Retired army duck transport vehicles are on site and you can take a ride around the park spotting the wildlife. They go from land to lake and back to land again. Drivers will point out all the tropical fruits in the orchard which you’ll drive through.
There is also an Aboriginal experience run by the local indigenous Pamagirri guides. With a duration of an hour the tour includes a traditional dance and walk explaining their culture.
A restaurant on site will keep you refreshed throughout the day. You’ll need to spend at least a morning or afternoon here and could combine it with visiting Kuranda and Barron Falls nearby.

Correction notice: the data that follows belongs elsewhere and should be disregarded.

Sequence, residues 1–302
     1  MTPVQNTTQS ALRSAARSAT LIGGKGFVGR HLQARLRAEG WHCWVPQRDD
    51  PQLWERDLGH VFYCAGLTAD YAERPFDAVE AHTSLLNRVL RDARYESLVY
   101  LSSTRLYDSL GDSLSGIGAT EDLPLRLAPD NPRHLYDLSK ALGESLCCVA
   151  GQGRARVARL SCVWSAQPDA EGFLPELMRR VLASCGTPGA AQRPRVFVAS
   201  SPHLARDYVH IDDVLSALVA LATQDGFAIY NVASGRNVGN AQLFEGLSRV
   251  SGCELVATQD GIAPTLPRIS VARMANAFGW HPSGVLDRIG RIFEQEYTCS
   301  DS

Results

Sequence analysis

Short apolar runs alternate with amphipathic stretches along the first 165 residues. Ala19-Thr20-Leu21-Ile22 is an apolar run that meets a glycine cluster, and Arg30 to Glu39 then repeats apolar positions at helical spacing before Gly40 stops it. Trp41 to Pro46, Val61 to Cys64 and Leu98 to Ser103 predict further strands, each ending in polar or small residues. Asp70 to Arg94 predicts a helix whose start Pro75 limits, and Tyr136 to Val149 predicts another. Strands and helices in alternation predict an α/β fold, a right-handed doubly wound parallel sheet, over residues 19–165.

Fitzroy Island is located south-east of Cairns and has one resort that you can stay on. It also offers day trips to explore the island leaving from Cairns Marlin wharf 3 times daily. A short 45 minute boat rides will have you on the island.
On the island you can spend the day snorkeling or take a ride on their glass-bottom boat. For the more adventurous you can opt to do some scuba diving while there and for nature lovers there is a turtle rehabilitation centre.
If you have the time and want to stay on the island the resort has accommodation ranging from 4 bedroom penthouse resort rooms right down to beach cabins and bungalows. All have access to the restaurant and resort facilities on the island. You can even camp overnight at the council campground run by Fitzroy Island resort.